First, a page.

Today in South Africa is National Youth Day but more importantly it is the 35th anniversary of the Soweto Uprising. On June 16, 1976, thousands of students from Soweto (SOuth WEst TOwnship-of Johannesburg) staged a peaceful demonstration by walking towards Orlando High School when they came across police officers who had prevented them from moving forward. The students were protesting for being forced to learn Afrikaans, the language of the oppressors. When they realized that the police had stopped their planned route, the youth started chanting several slogans; “Down with Afrikaans,” “Viva Azania (name given to refer to South Africa),” “If we must do Afrikaans, Volster (prime minister of Rhodesia/Apartheid South Africa) must do Zulu.” After a couple of minutes, the peaceful protest turned violent as police officers starting shooting towards the crowd. The first victim of the Soweto Uprising was Hector Pieterson. More than 500 people died and thousands injured. This incident sparked riots across South Africa.
When I studied abroad in Cape Town, South Africa, I had the opportunity to go to Soweto and visited the Hector Pieterson Memorial in honor of all the youth who died on June 16, 1976. It was very important for me to go to Soweto during my time in South Africa. I couldn’t imagine my experience without going to Soweto. The Hector Pieterson Memorial was a very emotional experience for me.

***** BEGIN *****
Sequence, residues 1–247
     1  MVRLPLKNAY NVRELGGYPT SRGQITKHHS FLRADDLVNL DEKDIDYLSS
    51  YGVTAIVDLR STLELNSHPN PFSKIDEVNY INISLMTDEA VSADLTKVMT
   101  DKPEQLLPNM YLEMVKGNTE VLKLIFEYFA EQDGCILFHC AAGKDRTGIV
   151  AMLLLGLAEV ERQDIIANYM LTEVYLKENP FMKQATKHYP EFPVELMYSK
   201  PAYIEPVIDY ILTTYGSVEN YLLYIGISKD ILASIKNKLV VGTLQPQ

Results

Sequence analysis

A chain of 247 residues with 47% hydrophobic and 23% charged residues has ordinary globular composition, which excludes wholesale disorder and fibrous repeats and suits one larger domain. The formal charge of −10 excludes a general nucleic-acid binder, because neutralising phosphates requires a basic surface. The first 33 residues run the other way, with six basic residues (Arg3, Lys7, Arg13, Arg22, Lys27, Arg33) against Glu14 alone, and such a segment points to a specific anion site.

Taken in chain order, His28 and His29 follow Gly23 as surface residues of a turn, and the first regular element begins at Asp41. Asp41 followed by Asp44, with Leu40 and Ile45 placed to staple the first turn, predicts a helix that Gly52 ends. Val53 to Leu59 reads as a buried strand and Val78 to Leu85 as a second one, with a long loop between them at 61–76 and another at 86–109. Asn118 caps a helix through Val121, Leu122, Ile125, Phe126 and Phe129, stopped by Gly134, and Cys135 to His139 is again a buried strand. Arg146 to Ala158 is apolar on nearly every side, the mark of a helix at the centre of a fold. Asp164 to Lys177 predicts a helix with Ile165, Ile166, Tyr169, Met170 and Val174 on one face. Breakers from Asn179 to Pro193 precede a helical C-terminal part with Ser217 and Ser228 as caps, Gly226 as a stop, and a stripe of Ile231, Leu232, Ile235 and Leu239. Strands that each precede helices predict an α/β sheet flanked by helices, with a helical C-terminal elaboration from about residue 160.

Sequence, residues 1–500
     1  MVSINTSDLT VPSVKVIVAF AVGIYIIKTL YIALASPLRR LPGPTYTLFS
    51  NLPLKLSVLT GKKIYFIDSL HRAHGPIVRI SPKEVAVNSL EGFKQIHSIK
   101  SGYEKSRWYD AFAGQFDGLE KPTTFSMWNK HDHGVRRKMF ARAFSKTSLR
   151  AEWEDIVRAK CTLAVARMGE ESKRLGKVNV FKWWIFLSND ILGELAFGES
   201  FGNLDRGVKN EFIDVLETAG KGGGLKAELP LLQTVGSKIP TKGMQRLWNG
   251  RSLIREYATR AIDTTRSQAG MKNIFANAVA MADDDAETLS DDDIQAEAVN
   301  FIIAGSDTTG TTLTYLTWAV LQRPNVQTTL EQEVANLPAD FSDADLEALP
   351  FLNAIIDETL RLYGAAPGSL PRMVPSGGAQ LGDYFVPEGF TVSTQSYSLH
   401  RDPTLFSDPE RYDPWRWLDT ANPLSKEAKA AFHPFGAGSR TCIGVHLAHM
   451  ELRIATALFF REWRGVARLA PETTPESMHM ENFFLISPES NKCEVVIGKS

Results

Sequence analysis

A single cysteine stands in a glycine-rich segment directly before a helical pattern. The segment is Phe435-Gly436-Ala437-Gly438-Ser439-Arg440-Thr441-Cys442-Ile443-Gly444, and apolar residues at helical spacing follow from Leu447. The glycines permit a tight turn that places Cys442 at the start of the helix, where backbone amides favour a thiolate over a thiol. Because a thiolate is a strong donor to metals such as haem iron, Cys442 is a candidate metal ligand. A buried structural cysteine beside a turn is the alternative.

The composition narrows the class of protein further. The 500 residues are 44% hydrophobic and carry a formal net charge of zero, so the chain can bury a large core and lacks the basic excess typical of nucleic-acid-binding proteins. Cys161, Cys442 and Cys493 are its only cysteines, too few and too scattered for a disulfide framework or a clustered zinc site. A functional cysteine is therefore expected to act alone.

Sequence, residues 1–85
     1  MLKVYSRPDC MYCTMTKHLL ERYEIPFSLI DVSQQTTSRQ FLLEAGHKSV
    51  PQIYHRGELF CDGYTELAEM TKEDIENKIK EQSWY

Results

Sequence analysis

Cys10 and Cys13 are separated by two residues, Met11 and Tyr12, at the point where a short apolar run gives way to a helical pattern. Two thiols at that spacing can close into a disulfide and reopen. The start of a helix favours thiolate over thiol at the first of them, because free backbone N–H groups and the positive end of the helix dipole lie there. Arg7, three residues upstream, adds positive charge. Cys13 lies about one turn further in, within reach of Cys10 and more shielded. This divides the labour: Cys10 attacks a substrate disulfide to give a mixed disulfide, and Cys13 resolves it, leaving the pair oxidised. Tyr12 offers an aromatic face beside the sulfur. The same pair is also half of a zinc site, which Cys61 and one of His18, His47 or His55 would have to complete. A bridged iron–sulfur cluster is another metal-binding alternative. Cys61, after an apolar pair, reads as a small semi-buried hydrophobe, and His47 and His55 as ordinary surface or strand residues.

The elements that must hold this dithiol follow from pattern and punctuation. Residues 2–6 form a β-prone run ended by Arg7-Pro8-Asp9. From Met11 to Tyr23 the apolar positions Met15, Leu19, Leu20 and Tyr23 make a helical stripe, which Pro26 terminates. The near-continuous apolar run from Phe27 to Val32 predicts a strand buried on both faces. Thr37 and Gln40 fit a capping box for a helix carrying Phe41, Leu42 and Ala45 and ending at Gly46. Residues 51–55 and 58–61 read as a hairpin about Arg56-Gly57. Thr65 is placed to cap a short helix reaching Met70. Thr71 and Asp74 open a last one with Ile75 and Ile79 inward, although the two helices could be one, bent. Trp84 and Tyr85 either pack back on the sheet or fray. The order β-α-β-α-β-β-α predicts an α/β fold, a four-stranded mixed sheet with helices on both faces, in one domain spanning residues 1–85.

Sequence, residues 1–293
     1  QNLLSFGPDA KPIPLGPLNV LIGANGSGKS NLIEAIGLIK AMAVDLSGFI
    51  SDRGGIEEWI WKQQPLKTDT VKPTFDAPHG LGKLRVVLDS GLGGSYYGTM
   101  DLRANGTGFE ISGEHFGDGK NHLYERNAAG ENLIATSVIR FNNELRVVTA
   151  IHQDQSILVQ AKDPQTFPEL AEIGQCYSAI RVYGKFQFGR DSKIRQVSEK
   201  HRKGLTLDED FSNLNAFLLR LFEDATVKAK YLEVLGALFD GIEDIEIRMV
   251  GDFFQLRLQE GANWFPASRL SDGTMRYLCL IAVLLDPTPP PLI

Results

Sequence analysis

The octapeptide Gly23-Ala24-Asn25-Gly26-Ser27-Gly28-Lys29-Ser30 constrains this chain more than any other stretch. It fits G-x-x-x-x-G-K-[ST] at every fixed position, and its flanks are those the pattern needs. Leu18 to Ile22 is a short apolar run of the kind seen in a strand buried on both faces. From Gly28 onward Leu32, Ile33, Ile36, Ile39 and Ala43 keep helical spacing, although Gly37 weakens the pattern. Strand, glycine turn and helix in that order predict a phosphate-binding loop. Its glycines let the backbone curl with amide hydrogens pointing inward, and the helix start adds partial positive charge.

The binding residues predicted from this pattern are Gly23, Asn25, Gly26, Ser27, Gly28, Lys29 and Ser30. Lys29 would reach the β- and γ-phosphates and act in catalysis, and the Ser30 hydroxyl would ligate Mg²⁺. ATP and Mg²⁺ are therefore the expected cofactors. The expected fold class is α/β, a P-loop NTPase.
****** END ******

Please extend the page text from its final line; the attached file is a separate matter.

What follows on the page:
Due to the Soweto Uprising, South Africa has declared June 16th a national holiday to celebrate Youth Day. The idea is to pay attention to the needs of the Youth. But, for Youth Day to be successful, the leaders of South Africa must actively engaged in tackling the issues that the youth face today. There shouldn’t be street children in South Africa if we are addressing the needs of the youth. There should be more soccer fields, arts and cultural centers, symposiums where youth discuss their needs and elected leaders listen to those needs, more schools, more funds invested in the fields of education, health care, housing, etc.
As we remember the 35th anniversary of the Soweto Uprising, let us remember that never again must a racist system be ever implemented in the world and may our youth never again be massacred for expressing themselves.
Here is an article where Sam Nzima, the photographer who took the famous picture of Hector Pieterson, reflects on the Soweto Uprising.
Here is a scene of the Soweto Uprising taken from the movie, Cry Freedom.